As the home of some of the nation’s finest country music artists, Tennessee is also hosts a handful of wineries that are earning the region both new industry and recognition along the way. Tennessee allows for winery direct shipping, limited to no more than three cases per year. While retailer shipping is prohibited, wine clubs can ship to customers in Tennessee, including these top picks:
The Mississippi Delta AVA, a grape growing region that stretches across the states of Mississippi and Louisiana, also extends into the southwestern portion of Tennessee.
Given the state’s humid climate, French hybrid grapes are widely cultivated or their resistance to fungal diseases. Grape varieties include Cabernet Sauvignon, Gewürztraminer, Catawba, Niagra, Chambourcin, Traminette and many others.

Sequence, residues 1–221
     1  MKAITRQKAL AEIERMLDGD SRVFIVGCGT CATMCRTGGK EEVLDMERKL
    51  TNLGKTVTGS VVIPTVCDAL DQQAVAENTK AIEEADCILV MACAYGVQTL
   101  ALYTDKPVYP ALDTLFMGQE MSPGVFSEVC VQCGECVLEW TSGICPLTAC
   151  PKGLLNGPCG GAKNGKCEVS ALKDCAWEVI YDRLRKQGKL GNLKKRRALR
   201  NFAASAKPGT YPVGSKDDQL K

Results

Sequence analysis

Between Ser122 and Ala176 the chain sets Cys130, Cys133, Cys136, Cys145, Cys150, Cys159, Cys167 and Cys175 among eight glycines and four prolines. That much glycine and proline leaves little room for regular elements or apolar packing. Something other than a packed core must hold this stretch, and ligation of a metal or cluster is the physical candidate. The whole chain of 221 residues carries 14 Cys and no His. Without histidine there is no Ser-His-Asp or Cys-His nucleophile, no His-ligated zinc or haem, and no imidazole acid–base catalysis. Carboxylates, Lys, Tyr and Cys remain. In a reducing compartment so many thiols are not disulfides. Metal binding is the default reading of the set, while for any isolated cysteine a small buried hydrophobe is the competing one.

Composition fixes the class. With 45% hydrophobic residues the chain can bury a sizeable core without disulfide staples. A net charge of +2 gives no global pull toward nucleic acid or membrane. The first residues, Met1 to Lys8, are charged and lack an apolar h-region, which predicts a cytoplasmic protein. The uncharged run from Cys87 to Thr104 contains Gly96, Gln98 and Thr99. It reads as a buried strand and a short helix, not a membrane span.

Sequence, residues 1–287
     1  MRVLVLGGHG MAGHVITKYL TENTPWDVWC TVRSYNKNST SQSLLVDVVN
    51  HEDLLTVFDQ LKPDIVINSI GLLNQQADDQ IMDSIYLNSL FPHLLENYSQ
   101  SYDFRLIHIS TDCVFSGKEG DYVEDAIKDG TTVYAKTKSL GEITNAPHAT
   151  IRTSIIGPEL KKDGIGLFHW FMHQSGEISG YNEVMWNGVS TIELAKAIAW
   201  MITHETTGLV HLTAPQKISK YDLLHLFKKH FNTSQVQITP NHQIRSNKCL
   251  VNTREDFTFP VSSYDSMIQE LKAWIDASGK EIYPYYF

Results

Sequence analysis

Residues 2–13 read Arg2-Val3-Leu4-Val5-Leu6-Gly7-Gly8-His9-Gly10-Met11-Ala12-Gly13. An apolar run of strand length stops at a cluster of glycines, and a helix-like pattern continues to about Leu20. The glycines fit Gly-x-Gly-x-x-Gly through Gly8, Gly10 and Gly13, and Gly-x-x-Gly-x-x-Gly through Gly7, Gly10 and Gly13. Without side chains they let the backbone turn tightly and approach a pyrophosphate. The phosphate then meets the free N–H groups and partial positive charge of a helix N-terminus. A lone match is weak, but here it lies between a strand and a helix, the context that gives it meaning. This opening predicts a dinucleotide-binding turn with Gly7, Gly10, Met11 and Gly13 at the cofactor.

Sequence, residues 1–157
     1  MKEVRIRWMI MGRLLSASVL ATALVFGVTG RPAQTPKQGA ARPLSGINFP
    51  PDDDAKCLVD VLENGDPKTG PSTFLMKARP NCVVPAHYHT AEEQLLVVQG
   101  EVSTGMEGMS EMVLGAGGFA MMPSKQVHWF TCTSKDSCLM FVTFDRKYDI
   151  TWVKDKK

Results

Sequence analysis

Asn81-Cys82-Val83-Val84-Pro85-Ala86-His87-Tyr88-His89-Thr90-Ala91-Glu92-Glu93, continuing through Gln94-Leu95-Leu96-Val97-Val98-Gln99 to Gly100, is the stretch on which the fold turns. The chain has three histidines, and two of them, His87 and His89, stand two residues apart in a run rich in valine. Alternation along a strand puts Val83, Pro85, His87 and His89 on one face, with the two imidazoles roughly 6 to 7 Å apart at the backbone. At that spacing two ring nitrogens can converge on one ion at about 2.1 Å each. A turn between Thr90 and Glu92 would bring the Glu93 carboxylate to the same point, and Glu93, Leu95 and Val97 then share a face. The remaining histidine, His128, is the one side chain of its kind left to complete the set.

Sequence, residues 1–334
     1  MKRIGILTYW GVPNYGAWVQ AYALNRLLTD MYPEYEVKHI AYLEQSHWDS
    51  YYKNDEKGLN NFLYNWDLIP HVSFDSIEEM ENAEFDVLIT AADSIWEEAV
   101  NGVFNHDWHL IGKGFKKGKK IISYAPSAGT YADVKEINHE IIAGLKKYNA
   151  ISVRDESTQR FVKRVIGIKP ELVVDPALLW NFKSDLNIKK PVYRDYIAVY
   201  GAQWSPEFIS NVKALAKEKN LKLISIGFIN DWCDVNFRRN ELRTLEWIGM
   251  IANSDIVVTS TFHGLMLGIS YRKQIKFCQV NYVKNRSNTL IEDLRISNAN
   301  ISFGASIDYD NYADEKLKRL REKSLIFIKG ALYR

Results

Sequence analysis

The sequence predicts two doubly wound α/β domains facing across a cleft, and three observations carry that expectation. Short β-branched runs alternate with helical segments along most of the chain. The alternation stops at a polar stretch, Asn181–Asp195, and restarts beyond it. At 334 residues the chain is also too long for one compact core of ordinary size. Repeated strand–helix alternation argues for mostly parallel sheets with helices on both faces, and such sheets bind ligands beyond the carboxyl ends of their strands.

In addition, the production of fruit wines is on the rise, as producers continue to experiment with ingredients including blackberries, peaches, strawberries, blueberries, and apples.
However, as far as grape wine goes, the state is home to approximately 45 wineries, many of which are small producers that farm five acres (of the approximately 700 acres of vineyards in the state). Though today the region is home to numerous producers, Tennessee’s post-prohibition wine industry came into being practically overnight. In fact, from 1995 to 2005 the number of wineries in the state doubled.
The state is divided into three wine making regions: West, Central, and East. However, most of the wineries are located in the Central and Eastern regions. As wine producers continue crafting quality wines, wine tourism is expected to expand. For now, wine tour hot-spots primarily centralize around Nashville and other major cities across the state.